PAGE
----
Private competition litigation can be an important complement to public enforcement in the achievement of compliance with the competition laws. For example, antitrust litigation has been a key component of the antitrust regime for decades in the United States. Private antitrust litigation is largely a work in progress in many parts of the world. Change occurs slowly in some jurisdictions, but clearly the direction is favourable to the recognition that private antitrust enforcement has a role to play.
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John Terzaken. This book brings together leading competition law experts from 28 jurisdictions to address an issue of growing importance to large corporations, their managers and their lawyers: the potential liability, both civil and criminal, that may arise from unlawful agreements with competitors as to price, markets or output. The broad message of the book is that this risk is growing steadily. The authors are from some of the most widely respected law firms in their jurisdictions. All have substantial experience with cartel investigations and many have served in senior positions in government.
Editor Theodore L Garrett. Environmental law is global in its reach.
Multinational companies make business plans based on the laws and regulations of the countries in which they are headquartered and have manufacturing facilities as well as the countries in which they distribute and sell their products. This book offers a review, by leading environmental lawyers, of significant environmental laws and issues in their respective countries around the world.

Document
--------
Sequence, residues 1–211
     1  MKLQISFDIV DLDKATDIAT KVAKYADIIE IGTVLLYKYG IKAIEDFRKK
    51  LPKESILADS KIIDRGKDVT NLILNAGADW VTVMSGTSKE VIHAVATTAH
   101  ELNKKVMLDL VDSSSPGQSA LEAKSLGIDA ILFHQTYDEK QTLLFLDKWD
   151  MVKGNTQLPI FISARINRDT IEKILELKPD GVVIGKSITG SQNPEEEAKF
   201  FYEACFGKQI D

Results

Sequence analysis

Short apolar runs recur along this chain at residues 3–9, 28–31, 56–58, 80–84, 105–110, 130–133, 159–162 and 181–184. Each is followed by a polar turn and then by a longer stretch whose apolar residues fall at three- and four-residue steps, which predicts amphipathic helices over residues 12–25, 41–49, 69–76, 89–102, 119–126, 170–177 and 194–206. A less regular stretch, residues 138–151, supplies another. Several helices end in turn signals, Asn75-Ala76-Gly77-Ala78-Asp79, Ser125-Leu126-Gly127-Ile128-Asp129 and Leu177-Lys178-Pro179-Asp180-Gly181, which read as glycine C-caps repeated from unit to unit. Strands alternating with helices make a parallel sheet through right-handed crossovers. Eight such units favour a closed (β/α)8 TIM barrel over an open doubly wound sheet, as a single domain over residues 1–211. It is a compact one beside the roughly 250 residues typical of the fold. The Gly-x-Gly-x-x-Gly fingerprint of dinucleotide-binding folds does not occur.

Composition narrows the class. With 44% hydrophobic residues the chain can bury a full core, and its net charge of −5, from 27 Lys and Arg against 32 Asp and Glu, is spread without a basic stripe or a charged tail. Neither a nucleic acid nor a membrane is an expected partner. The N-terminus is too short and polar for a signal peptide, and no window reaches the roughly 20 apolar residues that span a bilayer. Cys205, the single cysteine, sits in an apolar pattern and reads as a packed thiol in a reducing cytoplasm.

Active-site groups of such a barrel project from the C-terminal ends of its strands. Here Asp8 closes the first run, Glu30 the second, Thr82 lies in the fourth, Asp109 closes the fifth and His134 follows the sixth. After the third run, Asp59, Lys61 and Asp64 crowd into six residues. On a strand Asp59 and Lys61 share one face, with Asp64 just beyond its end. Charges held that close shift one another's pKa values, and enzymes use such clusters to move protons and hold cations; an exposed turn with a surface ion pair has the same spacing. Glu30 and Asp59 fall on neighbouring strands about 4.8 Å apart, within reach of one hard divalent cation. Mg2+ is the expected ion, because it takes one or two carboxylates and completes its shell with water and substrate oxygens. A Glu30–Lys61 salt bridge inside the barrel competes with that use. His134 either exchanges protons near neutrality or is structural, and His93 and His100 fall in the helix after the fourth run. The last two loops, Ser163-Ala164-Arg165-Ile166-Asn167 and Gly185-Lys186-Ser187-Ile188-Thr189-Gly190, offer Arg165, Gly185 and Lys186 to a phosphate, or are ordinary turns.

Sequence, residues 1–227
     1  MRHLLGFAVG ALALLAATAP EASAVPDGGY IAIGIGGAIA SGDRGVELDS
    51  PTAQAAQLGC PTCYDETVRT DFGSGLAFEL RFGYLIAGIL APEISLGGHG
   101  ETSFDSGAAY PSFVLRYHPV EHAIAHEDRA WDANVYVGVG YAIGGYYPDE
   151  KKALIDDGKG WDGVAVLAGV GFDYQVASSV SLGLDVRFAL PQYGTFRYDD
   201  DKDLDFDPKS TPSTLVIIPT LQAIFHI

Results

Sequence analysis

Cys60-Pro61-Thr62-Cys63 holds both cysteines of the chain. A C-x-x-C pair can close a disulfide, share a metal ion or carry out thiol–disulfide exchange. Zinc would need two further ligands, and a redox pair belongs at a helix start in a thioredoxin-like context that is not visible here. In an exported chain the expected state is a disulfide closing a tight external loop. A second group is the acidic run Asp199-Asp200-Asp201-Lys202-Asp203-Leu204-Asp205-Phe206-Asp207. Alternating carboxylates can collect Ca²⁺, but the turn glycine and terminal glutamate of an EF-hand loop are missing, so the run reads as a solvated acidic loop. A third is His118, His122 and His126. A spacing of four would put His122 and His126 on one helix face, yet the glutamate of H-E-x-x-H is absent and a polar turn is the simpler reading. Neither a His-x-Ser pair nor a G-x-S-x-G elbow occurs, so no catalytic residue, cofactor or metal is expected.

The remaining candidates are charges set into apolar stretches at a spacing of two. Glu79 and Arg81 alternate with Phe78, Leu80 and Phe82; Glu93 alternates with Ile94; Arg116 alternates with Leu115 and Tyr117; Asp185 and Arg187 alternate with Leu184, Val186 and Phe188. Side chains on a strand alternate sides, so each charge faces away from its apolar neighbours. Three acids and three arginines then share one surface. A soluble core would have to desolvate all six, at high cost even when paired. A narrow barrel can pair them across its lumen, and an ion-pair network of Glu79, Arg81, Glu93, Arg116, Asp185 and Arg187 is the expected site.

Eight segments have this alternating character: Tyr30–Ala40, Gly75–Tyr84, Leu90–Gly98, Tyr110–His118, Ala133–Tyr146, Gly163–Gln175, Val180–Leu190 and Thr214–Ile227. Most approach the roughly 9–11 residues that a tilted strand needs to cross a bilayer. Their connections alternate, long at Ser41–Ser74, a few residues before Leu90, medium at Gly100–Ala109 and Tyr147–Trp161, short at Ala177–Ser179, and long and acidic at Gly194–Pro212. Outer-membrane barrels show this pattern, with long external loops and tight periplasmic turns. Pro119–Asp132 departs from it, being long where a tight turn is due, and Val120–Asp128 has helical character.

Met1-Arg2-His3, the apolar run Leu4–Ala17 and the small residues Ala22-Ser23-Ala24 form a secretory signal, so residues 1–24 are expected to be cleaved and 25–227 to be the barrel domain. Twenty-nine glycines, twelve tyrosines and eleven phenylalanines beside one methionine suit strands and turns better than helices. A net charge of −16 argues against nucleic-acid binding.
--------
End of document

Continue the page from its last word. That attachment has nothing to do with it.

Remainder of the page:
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The chapters in this book, which contain a wealth of learning about these significant developments around the world, will serve as a useful place to begin.
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Foreign investment continues to garner a great deal of attention. This trend is expected to continue as the global economy further integrates, the number of cross-border and international transactions keeps increasing, and national governments continue to regulate foreign investment in their jurisdictions to an unprecedented degree. This sixth edition of The Foreign Investment Regulation Review provides a comprehensive guide to laws, regulations, policies and practices governing foreign investment in key international jurisdictions.
Toggle navigation. Business-focused legal analysis and insight in the most significant jurisdictions worldwide Interested in contributing? The Merger Control Review Edition The Professional Negligence Law Review Edition 2 Editor Nicholas Bird Reynolds Porter Chamberlain This second edition provides an indispensable overview of the law and practice of professional liability and regulation in 15 jurisdictions. The Intellectual Property and Antitrust Review Edition 4 Editor Thomas Vinje Clifford Chance LLP Intellectual property practitioners need to look beyond intellectual property laws themselves to understand the antitrust limits on the free exercise of rights.
The Banking Regulation Review Edition 10 Editor Jan Putnis Slaughter and May Banking regulation continues to confound the idea that views about how banks should be regulated will eventually settle down to an orthodoxy broadly accepted throughout the world. Customer Service. Currencies: HKD.